Mon, 12 May 2003

Connecting your old notebook to a LAN

Let's face it: A lot of us are still using the old notebook computers with a first-generation Pentium processor. You can even see a 286-based notebook on display in some computer stores.

Although notebooks are not known to be collector's items like, for example, a Karmann Ghia, a few of them simply refuse to die after years of being used. It is hard to believe, but it is true. Some of us are quite lucky -- or perhaps unlucky -- to have these faithful machines.

Unlucky? Well, sort of. As these old notebooks are still in a perfect working condition, some people do feel that they have gotten stuck with them. Each time they come home from a computer expo, where they have just seen hordes of super-duper new notebooks that made their mouths water, their minds usually work very hard to find really compelling reasons to convince their wives that they can no longer postpone replacing their existing notebooks. However, when they say to their powerful family finance directors "Honey, I think I must buy a new notebook now," the typical answer that they will get is "What's wrong with the one you have?"

Well, there is nothing wrong actually -- and that debate is henceforth over. For the time-being, at least. Unless, of course, they have the heart to really lead their spouses to believe that they badly need the new speed, computing power and the endless list of features that a new notebook has to offer.

Some do go to that length, others -- perhaps the majority -- will just give in and secretly hope that the day will soon come where they have to take their notebook to pasture.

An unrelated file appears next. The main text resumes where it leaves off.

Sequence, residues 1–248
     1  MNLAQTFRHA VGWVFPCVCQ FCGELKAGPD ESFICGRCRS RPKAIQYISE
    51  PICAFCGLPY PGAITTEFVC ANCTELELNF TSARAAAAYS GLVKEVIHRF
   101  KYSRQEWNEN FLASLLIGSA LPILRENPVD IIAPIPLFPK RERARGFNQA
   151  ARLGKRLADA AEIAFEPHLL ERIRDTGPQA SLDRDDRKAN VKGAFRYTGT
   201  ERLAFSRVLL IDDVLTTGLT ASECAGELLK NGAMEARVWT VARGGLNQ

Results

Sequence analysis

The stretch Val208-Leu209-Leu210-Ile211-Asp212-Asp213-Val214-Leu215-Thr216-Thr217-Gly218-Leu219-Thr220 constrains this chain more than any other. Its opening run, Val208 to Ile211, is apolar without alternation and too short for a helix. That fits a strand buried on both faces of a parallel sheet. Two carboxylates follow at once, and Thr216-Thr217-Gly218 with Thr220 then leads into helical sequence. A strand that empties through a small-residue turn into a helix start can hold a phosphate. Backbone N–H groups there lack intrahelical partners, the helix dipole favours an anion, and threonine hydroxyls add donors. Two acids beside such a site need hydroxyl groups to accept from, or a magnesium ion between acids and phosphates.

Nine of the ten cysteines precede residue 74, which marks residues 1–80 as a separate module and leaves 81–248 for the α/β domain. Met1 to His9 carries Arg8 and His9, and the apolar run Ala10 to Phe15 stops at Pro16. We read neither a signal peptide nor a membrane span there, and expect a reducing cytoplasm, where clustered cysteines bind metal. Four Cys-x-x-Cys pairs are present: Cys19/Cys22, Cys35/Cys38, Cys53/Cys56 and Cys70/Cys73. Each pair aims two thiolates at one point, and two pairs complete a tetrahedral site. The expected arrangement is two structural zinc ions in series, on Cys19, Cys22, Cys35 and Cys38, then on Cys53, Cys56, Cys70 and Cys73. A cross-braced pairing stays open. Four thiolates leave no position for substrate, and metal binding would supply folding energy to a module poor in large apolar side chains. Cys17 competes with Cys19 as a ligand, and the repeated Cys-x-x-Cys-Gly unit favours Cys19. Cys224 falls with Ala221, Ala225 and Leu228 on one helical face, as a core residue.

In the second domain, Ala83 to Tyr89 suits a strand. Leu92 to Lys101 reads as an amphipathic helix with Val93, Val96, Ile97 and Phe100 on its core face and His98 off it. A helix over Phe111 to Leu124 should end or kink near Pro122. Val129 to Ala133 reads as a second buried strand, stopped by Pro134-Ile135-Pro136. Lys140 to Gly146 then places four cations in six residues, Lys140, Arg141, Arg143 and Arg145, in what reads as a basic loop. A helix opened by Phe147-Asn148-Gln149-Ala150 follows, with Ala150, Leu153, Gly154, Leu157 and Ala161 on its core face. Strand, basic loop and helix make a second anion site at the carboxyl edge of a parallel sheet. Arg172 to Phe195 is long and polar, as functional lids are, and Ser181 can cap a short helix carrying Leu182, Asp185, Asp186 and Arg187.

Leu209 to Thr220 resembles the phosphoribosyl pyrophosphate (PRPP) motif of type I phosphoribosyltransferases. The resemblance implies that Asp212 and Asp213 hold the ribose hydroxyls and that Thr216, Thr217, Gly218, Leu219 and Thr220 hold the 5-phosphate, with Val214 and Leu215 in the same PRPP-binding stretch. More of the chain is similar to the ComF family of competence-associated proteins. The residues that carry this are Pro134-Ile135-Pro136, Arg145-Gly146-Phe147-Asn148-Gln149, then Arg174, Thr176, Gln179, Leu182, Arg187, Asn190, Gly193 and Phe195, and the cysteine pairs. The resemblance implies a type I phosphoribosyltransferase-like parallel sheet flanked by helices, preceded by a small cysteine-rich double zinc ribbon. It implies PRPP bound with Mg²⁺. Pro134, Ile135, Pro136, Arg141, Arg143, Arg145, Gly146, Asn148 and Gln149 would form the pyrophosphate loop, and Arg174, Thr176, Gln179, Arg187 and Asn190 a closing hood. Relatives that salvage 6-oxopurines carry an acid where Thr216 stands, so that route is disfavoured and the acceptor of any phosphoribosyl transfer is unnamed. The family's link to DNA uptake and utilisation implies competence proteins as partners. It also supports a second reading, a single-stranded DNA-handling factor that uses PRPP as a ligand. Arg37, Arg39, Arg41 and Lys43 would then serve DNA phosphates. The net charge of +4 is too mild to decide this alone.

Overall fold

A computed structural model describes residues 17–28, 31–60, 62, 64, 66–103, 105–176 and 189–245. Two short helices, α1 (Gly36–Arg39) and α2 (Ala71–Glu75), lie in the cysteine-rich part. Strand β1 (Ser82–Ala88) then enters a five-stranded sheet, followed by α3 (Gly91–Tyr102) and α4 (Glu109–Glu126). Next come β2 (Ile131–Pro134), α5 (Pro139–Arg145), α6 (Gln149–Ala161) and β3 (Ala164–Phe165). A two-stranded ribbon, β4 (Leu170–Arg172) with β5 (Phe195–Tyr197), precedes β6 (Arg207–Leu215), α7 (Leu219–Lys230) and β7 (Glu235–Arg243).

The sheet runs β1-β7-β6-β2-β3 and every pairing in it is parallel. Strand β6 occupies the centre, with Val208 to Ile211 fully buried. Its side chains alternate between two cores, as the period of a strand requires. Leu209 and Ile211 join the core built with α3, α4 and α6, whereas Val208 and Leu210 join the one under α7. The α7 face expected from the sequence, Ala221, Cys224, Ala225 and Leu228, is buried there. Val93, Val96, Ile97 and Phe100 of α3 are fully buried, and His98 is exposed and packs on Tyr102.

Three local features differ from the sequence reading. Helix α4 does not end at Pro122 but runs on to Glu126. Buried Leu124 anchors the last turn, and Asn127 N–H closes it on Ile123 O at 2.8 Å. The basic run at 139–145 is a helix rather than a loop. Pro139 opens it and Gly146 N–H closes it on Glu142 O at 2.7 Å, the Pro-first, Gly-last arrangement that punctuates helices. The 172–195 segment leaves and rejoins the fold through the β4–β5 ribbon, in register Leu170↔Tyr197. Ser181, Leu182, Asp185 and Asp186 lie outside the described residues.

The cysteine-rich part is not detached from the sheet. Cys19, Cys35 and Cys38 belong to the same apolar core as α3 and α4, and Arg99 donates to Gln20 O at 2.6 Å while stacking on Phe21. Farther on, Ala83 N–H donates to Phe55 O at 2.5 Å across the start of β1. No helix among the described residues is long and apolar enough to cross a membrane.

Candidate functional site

One of the problems that we have with old notebooks is that it is not easy to transfer large files to another notebook or a desktop computer. Diskettes are still largely useful, but their capacity is limited to 1.4 MB. You can use a compression utility to reduce the size of a file and break down a large one into a series of smaller files, each of which can fit one single floppy diskette. But the process is tedious.

If your old notebook has an infrared port that still works, you will be slightly better off. Most of today's notebooks have infrared capability, and most desktop motherboards also support it. You can connect two computers with infrared with no real hassle. But, what options do you have if your notebook also does not have the infrared or if its infrared module is already out of commission?

One solution is to connect the two computers with what we used to know as the LapLink cable. It can use the parallel or serial port. The only thing is that it is a crossover cable. You can still find it in any computer store that sells networking gadgets. In fact, the company LapLink still exists today (, and its LapLink Gold 11 can do a lot of things beyond just transferring files between two computers.

Or, if you have relatives or friends in the U.S., you can ask them to find a docking station for your old trusted companion.

Web sites such as eBay ( may have hard-to- find docking stations or port replicators with an Ethernet card for your old notebook.

A more common way to add connectivity to a notebook is to add an Ethernet card directly to it. While today even the cheapest notebooks have a built-in Ethernet port, the older ones will require you to buy an Ethernet PCMCIA card.

This card is still widely available today from vendors such as D-Link, NetGear and Belkin. Some of these products combine an Ethernet card with a modem. One very, very important thing to check is whether your old notebook already supports the 32-bit Card bus. If it only supports the 16-bit PCMCIA, make sure that you buy an Ethernet PCMCIA card that supports this older standard. -- Zatni Arbi